Access To Education
Why is Access to Education Important?
There are plenty of reasons why education is important. Generally speaking, they all tie closely to a person’s goals in life and to their future well-being. Below are some of the other most common reasons education is so important:
- Education helps a person hone their communication skills by learning how to read, write, speak and listen.
- Education develops critical thinking. This is vital in teaching a person how to use logic when making decisions and interacting with people (e.g., boosting creativity, enhancing time management).
- Education helps an individual meet basic job qualifications and makes them more likely to secure better jobs.
- Education promotes gender equality and helps empower girls and women. A World Bank report found that an extra year of schooling for girls reduces teen pregnancy rates by six per cent and gave women more control over how many children they have.
- Education reduces child mortality. According to UNESCO, a child born to a mother who can read is 50 per cent more likely to survive past the age of five.
Even though the literacy percentage has grown to over 75%, Many still have no access to proper academic systems in the country. The quality, funding and accessibility of public education is still poor and the little cost charged still a challenge to many families. Here are a number challenges to access of education in Uganda;
Infrastructure. In the rural areas the roads are almost impassable in the rainy season as they flood to almost knee lengths. Some schools are located across water bodies and the students and/or school staff are faced with bad weather on the waters. Some schools are also using very dilapidated structures with inadequate services like clean water and power. In the urban areas the learners are faced with traffic jam. They have to move as early as 0500hrs for 0800hrs classes.
Financial constraints. Education is a very expensive venture in Uganda. From nursery to university the routine funds needed to keep a child in school are very high. This puts a very large gap between learners of the different social economic statuses. The price to pay in a top notch school that has advanced learning aids, systems and exceptional human resource is too high. Many Ugandans are also not able secure education insurance schemes for their children so orphans become marginalized. There are also a number of youth that have to pay their way through school and when they evaluate the total cost of moving forward to attain a degree, they realize the burden is heavier than if they transferred their resources and time to mini businesses. Learners also continuously miss classes when they are sent back home to bring more funds to their fees.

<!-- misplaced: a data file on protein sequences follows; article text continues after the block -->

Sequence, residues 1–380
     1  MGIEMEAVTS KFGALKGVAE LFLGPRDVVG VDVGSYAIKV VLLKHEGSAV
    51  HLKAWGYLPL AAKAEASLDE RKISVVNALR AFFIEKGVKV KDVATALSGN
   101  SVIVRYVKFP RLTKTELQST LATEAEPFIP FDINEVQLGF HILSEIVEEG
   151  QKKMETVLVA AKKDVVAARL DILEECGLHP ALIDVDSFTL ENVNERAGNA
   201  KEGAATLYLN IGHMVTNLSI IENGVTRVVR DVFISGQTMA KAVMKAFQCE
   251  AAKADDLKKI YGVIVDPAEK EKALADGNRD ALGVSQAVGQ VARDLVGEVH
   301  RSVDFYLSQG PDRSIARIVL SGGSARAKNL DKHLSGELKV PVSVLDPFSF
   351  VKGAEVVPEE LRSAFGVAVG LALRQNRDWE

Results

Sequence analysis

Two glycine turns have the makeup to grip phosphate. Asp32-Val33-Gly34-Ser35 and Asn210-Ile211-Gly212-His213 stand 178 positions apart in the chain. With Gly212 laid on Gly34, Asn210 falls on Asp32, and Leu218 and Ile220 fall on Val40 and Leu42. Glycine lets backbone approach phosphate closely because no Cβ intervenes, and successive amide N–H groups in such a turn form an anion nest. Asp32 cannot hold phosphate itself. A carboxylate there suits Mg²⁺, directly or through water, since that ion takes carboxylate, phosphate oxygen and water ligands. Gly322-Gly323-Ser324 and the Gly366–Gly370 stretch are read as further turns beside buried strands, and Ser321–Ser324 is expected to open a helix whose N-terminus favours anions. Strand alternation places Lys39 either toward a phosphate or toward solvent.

- Culture. Though this has improved overtime, the girl child especially has been affected by cultural beliefs even in the education sphere. Women had always been considered as home based people with their primary role as childbearing and caretaking. So men were groomed to be the bread basket of the family and when education was considered a prime means of reaching financial independence, males were definitely given priority. In other cultural instances, some believe they are chosen by the gods to do divinations and sorcery and that education contradicts their spiritual rituals. Teenagers are initiated into this way of life and their education ambitions are squashed there and then.
- Home chores. This may seem awkward to someone who has not lived in Uganda but to natives it is ordinary. Before children are permitted to head to school they must accomplish some tasks at home like fetching water from the nearby source, doing dishes, cleaning the house interior and exterior and in some cases even cooking and digging. So by the time the learner reaches school, they are exhausted and pretty disinterested.
The Power of education
Even with the many challenges one would wonder what incites the growing education curve in Uganda. What could possibly drive a peasant to beat all odds and attain a university degree? One can only say it’s the Power of education. It has become such a force that has created an undeniable whirlwind in Uganda. Here are a few factors that have made education powerful in Uganda;
Financial independence. The view of people able to live a satisfactory or even luxurious life through high paying jobs or opportunities they couldn’t otherwise attain without education is the biggest motive of attaining high education levels. In the previous 3 decades it was an
obvious calculation that higher education equals great financial opportunities. The educated work force was so small and lacking that even minor duties called for the employment of foreign consultants. But this has since changed in the past decade, the workforce grew exponentially and it is now very competitive. Many graduates have opted to work odd jobs and open up small enterprises away from their line of profession as they wait for their career opportunities. This however has not slowed down the enrollment of students into different learning opportunities.
Social status. It is becoming prestigious to be educated in Uganda. And there are clubs or social groups you can not be a part of if you don’t have a certain level of education. It is ground for mockery to not have your children sent to school and in some other communities, an esteemed class of school. On a better note this has eased networking and financial connections in the elite workforce.
Business in the education sector. The competition in the education sector has given rise to improved services and innovations in schools and institutes